Promising Singer-Songwriter and Linda Perry Protege, WILLA AMAI Discusses Signing With The 4 Non Blondes Singer and Releasing Her Latest Track!
At just 16-years-old, singer-songwriter Willa Amai works with the iconic lead singer of 4 Non Blondes, and prolific songwriter (Pink!, Christina Aguilera, Adele, Gwen Stefani, etc) Linda Perry. Willa was signed by Linda at age 12 and now at the age of 16, she recently released her new single “UNORGANIZED CRIME” on October 26th.
Connect With Willa Amai Online Here: WEBSITE
Check out the video here:
Here are just a few of the TV spots that Willa has had recently:
Performance on Ellen– https://www.youtube.com/watch?v=vvXnfeH0ci0
Duet with Dolly Parton– https://www.youtube.com/watch?v=3AV-qPbZ6QQ
Performance with Brandi Carlise– https://www.youtube.com/watch?v=JGJD0pL2Sr8
Performance on Today Show– https://www.today.com/video/watch-willa-amai-sing-trampled-flowers-live-on-today-59590725778
“What’s Up” Cover- https://www.youtube.com/watch?v=MgUrM-vYg5w
Learn more about Willa Amai in the following All Access interview:
Thanks for your time! So how are you keeping busy and musical these days during the pandemic? How are you staying connected to your fans? Are you finding that social media is even more useful now?
Social media has definitely been an incredibly important tool for communication throughout quarantine. In all honesty, I’ve underestimated it in the past. Having grown up in a time where social media is commonplace and often the main mode of communication, I had pulled away from it, feeling uncomfortable with the pervasiveness it had in the everyday life of everyone my age. With that said, I think quarantine has changed social media drastically. It’s felt more real because it’s had to, and it’s providing me with a way to talk to people which is so important now. As far as staying musical, I’ve been lucky enough to not have trouble. One of the things I love about music is that you can take it anywhere and nowhere. I’m so grateful that I can maintain my outlet even in this new normal. It has been integral in my mental health maintenance, and I’ve been taking this opportunity to explore new styles and sides of my songwriting I hadn’t previously.
Can you recall the moment when you thought you could be a musician? What do you think motivates you day in and day out? How has that drive changed since you first started writing songs?
Music has always been central to who I am. From the moment I was born, music has intrigued me and I’ve always known I’d write and enjoy music forever. Always. Apart from being a career, music keeps me sane, so I couldn’t stop if I tried. Music feels very much like another limb to me; it’s like an appendage that performs this incredibly important function and to stop would be like amputating it. I’m lucky enough to have a lot of people in my life who believe in me, and it’s that support that motivates me in the difficult patches. My network of family and friends is everything to me. As far as changes in my work ethic, I think the biggest changes have come from watching Linda Perry, my mentor, producer, and manager, my mom, who sacrifices so much of her time and energy for me, and my sister, Harper, who is the kindest and most generous soul this world has ever seen. They’re all truly the most incredible women, and having them as examples has shaped me into who I am.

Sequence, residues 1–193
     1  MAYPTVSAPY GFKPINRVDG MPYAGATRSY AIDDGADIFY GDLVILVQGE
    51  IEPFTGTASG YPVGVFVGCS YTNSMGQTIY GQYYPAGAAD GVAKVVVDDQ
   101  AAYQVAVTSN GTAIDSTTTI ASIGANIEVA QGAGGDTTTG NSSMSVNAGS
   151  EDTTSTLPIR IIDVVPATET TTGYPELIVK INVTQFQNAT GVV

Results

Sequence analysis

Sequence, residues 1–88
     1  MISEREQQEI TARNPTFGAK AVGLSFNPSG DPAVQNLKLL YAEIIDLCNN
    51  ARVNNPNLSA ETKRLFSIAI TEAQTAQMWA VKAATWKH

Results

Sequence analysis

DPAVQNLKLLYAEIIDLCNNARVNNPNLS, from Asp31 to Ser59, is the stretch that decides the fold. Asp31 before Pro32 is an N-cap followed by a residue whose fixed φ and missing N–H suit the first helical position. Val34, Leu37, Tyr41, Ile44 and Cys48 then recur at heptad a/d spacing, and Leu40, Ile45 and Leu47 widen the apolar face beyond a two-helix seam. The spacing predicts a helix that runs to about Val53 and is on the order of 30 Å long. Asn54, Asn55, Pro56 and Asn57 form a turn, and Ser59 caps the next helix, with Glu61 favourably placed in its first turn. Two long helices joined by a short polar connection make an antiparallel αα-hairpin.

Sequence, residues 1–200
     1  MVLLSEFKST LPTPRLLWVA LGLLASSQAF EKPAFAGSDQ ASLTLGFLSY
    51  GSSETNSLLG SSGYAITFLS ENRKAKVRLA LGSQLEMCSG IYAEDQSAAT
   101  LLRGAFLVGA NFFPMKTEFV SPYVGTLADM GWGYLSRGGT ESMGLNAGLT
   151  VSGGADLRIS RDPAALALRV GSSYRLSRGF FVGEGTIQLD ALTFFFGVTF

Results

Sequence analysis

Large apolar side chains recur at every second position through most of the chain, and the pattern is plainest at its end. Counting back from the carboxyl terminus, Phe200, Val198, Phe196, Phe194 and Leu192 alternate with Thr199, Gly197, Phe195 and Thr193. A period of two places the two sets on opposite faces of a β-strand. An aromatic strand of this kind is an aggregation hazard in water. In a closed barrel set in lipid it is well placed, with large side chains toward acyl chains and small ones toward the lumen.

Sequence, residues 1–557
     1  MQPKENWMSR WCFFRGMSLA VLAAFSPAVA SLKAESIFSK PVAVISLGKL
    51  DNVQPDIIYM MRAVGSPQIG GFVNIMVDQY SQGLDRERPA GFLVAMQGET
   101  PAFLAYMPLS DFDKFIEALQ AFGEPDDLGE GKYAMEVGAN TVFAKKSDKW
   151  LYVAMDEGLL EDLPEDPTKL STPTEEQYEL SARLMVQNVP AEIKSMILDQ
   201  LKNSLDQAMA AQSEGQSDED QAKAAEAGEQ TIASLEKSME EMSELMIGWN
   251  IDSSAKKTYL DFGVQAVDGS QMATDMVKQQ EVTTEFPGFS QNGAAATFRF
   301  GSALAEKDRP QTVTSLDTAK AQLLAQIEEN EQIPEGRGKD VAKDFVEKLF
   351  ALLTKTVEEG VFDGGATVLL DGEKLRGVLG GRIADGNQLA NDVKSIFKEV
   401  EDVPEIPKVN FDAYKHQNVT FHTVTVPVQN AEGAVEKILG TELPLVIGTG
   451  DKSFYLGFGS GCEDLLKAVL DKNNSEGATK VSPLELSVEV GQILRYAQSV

How do you think your hometown has influenced the kind of music that you make? If not, why is that?
Growing up in L.A. has definitely influenced my music; having access to this melting pot of music has shown me the beauty in melding different styles and time periods of music. I try as much as I can to take pieces from all over the musical spectrum because I think that’s how the most revolutionary music is made.
Growing up, how important has music been in your life? Has your family and friends always supported you to follow music?
As a little kid, neither of my parents could stand the music young kids normally listen to, so I listened to their favorite artists and songs and they’re what have become nostalgic to me. I listened to people like Fleetwood Mac, Amy Winehouse, Regina Spektor, Fiona Apple, Queen, and tons of other icons. I’ve been so incredibly lucky to have had such a support system of friends and family behind me from the day I started. I know there are a ton of talented people who aren’t able to pursue music because they aren’t lucky enough to have the consistent level of support I have had and continue to have, and I try my best every day to be grateful for it. It truly takes a village to break an artist into this business, so to everyone who has lent a hand thus far, thank you. Thank you.
What has been the biggest surprise so far about making music your career? What has been an unexpected or welcome challenge to it all? Is there anything you wish you could go back and tell your younger self about this industry?
In all honesty, the biggest challenge I’ve faced in my journey in this business thus far has been me. I’m constantly dissatisfied with everything I do; from my work ethic to the quality of my songs, I’m always able to see what I couldn’t do instead of what I could. To an extent I’m grateful for my consistent determination to improve myself, but I think sometimes it’s unhealthy for me to feel unable to be content with my accomplishments. I’m trying every day to acknowledge and appreciate myself more, and if I could talk to my younger self I’d remind her that she’s enough. I’d remind her she can be proud of herself, and that she should be.
What was it like signing with 4 Non Blondes, Linda Perry? How did you first meet her? What do you think has been the biggest lesson about music that you have learned from her?